Figure 3. Theoretical key functions of the molecular stimulation of type A monoamine oxidase (MAOA) in either initiation or alleviation of autism. At the top, several non-genetic factors share the property to significantly promote the expression of the MAOA gene. In the early gestation, an epigenetic downregulation of MAOA (MAOA—), which notably combines here with genetic variants of the catechol-O-methyl transferase (COMT) enzyme, may be inherited (blue arrow at the left-hand side) and/or favored/caused by MAOA enhancers (brown down arrow to the left). At the right-hand side, the series of smaller green arrows stand for a daily intake of MAOA inducer, which may bridge the gap between gestational and postnatal respective environments by reducing the metabolic imbalance of monoamines and consequently support behavioral re-education. At the bottom, a genetic variant (low-to-medium expression of COMT) and the classical epigenetic X-inactivation may hide the “MAOA—” mark, which is however silently carried towards the next human generation.

The Microbiome Resources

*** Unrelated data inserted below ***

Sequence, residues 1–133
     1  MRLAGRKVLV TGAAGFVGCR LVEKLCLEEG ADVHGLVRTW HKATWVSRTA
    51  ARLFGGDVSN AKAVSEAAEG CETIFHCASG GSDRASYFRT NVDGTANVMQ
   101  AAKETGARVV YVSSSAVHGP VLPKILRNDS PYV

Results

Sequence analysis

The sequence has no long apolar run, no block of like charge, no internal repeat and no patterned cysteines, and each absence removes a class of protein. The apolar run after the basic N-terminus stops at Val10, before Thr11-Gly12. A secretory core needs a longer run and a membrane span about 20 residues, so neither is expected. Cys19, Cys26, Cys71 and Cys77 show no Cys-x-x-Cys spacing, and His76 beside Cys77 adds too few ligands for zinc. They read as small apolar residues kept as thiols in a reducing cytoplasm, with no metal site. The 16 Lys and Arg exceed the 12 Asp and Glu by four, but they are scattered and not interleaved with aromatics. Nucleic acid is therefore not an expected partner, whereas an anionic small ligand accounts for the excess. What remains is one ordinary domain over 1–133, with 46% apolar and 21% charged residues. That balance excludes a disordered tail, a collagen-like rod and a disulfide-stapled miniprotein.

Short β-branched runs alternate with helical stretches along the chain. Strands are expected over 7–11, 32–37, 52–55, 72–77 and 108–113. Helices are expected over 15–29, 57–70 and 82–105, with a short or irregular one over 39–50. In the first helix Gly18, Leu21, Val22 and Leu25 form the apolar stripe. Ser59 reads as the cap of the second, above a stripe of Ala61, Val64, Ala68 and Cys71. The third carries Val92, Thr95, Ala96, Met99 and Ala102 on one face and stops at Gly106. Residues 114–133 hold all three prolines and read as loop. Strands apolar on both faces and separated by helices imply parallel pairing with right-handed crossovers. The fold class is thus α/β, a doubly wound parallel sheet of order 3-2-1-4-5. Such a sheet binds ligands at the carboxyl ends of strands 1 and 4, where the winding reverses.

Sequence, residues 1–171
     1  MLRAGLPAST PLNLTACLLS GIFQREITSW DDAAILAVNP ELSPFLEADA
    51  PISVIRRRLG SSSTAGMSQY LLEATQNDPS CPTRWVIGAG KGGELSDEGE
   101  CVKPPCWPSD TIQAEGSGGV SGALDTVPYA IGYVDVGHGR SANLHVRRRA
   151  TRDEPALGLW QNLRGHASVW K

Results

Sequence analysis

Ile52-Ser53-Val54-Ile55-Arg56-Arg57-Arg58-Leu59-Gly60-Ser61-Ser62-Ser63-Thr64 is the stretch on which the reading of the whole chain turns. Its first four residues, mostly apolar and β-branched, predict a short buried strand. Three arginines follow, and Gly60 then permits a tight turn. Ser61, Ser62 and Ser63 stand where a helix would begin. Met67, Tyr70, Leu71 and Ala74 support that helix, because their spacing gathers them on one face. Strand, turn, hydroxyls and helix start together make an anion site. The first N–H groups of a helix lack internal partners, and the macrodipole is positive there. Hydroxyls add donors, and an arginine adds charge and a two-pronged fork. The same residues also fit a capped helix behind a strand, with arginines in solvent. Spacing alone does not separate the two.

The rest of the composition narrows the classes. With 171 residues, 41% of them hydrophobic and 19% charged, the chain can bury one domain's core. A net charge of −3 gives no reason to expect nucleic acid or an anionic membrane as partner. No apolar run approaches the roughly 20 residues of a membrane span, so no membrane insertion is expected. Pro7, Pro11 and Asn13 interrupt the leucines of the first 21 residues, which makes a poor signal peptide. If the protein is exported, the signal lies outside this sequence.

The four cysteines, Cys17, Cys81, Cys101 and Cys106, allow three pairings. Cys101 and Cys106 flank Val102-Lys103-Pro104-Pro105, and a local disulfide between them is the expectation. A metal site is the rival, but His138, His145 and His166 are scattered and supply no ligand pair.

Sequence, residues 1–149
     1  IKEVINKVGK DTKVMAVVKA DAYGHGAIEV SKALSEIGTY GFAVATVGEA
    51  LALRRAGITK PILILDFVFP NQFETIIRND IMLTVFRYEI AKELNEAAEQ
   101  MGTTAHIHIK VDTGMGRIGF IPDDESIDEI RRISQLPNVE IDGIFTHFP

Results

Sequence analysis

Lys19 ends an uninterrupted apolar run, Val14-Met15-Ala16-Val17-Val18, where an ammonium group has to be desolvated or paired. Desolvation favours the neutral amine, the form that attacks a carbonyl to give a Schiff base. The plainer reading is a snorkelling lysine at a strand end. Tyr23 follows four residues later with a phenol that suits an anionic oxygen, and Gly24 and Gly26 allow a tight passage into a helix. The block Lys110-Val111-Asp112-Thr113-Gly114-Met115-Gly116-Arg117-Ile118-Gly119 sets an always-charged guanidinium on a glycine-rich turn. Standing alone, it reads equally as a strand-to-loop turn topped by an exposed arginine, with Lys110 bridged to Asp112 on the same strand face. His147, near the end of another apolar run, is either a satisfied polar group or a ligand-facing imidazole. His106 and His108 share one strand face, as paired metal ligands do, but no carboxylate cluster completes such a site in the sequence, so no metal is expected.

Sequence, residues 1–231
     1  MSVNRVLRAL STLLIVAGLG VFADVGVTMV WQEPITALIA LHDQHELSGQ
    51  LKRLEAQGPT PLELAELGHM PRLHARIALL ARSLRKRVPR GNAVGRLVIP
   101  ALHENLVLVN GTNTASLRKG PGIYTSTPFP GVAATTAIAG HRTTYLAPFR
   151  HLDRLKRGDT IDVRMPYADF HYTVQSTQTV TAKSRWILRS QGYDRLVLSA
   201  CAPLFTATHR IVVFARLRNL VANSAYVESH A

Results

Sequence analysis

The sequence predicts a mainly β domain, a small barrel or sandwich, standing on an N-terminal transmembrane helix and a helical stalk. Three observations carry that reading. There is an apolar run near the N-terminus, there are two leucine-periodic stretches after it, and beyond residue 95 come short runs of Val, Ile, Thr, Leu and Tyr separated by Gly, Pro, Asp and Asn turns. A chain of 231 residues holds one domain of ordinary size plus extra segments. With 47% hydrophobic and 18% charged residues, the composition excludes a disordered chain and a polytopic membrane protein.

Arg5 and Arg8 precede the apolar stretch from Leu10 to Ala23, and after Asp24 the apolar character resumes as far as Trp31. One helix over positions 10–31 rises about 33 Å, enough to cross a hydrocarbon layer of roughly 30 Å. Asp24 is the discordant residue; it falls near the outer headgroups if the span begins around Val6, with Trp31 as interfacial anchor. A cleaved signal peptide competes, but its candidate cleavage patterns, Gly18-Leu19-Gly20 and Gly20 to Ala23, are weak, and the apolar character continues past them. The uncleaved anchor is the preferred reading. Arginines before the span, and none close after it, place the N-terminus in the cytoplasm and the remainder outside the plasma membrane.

The enteric nervous system (ENS), also referred to as the “second brain,” notably allows some autonomy in the management of digestion, however mediated by the same chemical mediators as those at work in the “first” brain. It logically follows that a systemic metabolic imbalance of monoamines is likely to affect the neural cells of both nervous systems. In the close neighborhood of trillions of microbes, some of which induce inflammation and produce SCFAs, the ENS appears to be better equipped than the brain to deal with a metabolic dysregulation. Molecules elicited by the gut microbiota mostly serve local functions before being degraded in the liver, but those which can reach the blood circulation (via the distal colon bypass) and get through the BBB are eventually able to spread their metabolic influence across the brain. In particular, regulatory outcomes primarily aimed at the second brain may benefit the first one. Besides a common lowered diversity of the autistic children microbiome, a trend seems to emerge from existing data, reminiscent of the alternative ASD inducer/remedy represented here by cytokines and SCFAs. In absence of medical intervention involving antibiotics, the microbiota would develop along the inflammatory arm and its associated digestive troubles: any shift towards a gut pro-inflammatory state can in turn trigger the activation of neuro-inflammatory responses in the brain (Golubeva et al., 2017), with potential improvement of ASD. A relatively low concentration of SCFAs can then be observed in the plasma of autistic children (El-Ansary et al., 2011). When reset by a strong antibiotic, short diet, and replaced by typical germs, following a microbiota transfer therapy, the SCFA by-products arm can be privileged in a long-lasting way (Kang et al., 2017). Data obtained in vitro by using a neuron-like embryonic cell-line notably demonstrate the regulation exerted by propionic acid (PPA) and butyric acid (BA; i.e., propionate and butyrate) over the expression of neural genes (Nankova et al., 2014). Among a large set of genes tested for their link with ASD, the MAOA expression is doubled by each of these acids, while COMT is decreased by a factor of 2.7 (which means a total of 7.3 if assuming a multiplicative combination of the two acids). Whereas both genetic modulations alleviate the harmful setting pointed out by the GP model (MAOA–and high COMT), therefore suggesting a corrective action of the microbiome, the latter is rather usually believed to exacerbate ASD symptoms (Goines and Ashwood, 2013; Slattery et al., 2016). Even at odds with the theory presented here, immediate behavioral worsening has been proposed to result from exposure to SCFA. Rats whose brain directly receives PPA show epileptiform activity within the 30 min of infusion, accompanied by a variety of abnormal responses (retropulsion, hyperextension, turning, and dystonia) considered as “bearing some resemblance” to bouts of irrelevant actions found in autism (MacFabe et al., 2007). Bacteria that produce SCFAs and elicit inflammation can thus be viewed as unwelcome guests in the gut of subjects with ASD. This position is now challenged by a study in which significant improvements of 18 children with ASD occurred together with the colonization of the gut by antibiotic-resistant and SCFA-producing bacteria (Bifidobacterium, Prevotella, and Desulfovibrio). Persistency of this favorable effect has been confirmed in the same subjects, 2 years after their initial enrollment. Both Prevotella and Desulfovibrio were on average more abundant in ASD subjects following treatment than in the donor samples: Prevotella was 712 times higher after 6 weeks and maintained an 84-times increase after 2 years (Kang et al., 2019). Although Clostridia and Bacteroides are also reported as PPA producers in ASD, they share with Sutterella the joint occurrence of gastrointestinal disorders such as inflammatory bowel disease (Bezawada et al., 2020). An added plus in favor of the Prevotella prevalence is the production of up to three times more PPA than the Bacteroides-dominated microbiota associated with high-fat intake (Chen et al., 2017). If PPA was confirmed as effective against overt autism, evidence of its deleterious effects on gestation would provide further support to the present theory. Unexpectedly, such indication already exists. As a matter of fact, propionic acidemia is a genetic disease—obviously affecting early gestation—in which the accumulation of PPA elicits several metabolic disorders, including seizures, gastrointestinal disturbances, intellectual disability, and delayed development (Pena and Burton, 2012). In addition, a microbiome shift in maternal gut, leading to formation of PPA and BA by-products during the early stages of the fetus’ neural development, has been linked to ASD (Abdelli et al., 2019).